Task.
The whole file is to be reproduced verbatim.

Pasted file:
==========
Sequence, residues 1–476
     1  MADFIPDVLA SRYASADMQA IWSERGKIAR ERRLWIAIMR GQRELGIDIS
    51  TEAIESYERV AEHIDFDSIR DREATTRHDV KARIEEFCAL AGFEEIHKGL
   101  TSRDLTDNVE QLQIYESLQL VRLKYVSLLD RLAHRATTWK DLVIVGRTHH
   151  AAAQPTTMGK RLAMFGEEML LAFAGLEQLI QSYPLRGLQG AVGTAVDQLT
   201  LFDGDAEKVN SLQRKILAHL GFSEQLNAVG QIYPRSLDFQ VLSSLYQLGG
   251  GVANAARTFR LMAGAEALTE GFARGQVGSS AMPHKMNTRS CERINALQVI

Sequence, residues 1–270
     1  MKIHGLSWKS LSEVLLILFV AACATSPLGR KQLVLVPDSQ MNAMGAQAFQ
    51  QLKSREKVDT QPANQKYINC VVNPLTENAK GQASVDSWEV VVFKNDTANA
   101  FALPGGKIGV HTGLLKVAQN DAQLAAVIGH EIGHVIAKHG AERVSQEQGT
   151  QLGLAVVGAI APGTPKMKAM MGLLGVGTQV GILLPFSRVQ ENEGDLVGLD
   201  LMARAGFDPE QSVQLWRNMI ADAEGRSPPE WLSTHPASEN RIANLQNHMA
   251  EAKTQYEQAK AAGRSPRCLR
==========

Sequence, residues 1–476
     1  MADFIPDVLA SRYASADMQA IWSERGKIAR ERRLWIAIMR GQRELGIDIS
    51  TEAIESYERV AEHIDFDSIR DREATTRHDV KARIEEFCAL AGFEEIHKGL
   101  TSRDLTDNVE QLQIYESLQL VRLKYVSLLD RLAHRATTWK DLVIVGRTHH
   151  AAAQPTTMGK RLAMFGEEML LAFAGLEQLI QSYPLRGLQG AVGTAVDQLT
   201  LFDGDAEKVN SLQRKILAHL GFSEQLNAVG QIYPRSLDFQ VLSSLYQLGG
   251  GVANAARTFR LMAGAEALTE GFARGQVGSS AMPHKMNTRS CERINALQVI

Sequence, residues 1–270
     1  MKIHGLSWKS LSEVLLILFV AACATSPLGR KQLVLVPDSQ MNAMGAQAFQ
    51  QLKSREKVDT QPANQKYINC VVNPLTENAK GQASVDSWEV VVFKNDTANA
   101  FALPGGKIGV HTGLLKVAQN DAQLAAVIGH EIGHVIAKHG AERVSQEQGT
   151  QLGLAVVGAI APGTPKMKAM MGLLGVGTQV GILLPFSRVQ ENEGDLVGLD
   201  LMARAGFDPE QSVQLWRNMI ADAEGRSPPE WLSTHPASEN RIANLQNHMA
   251  EAKTQYEQAK AAGRSPRCLR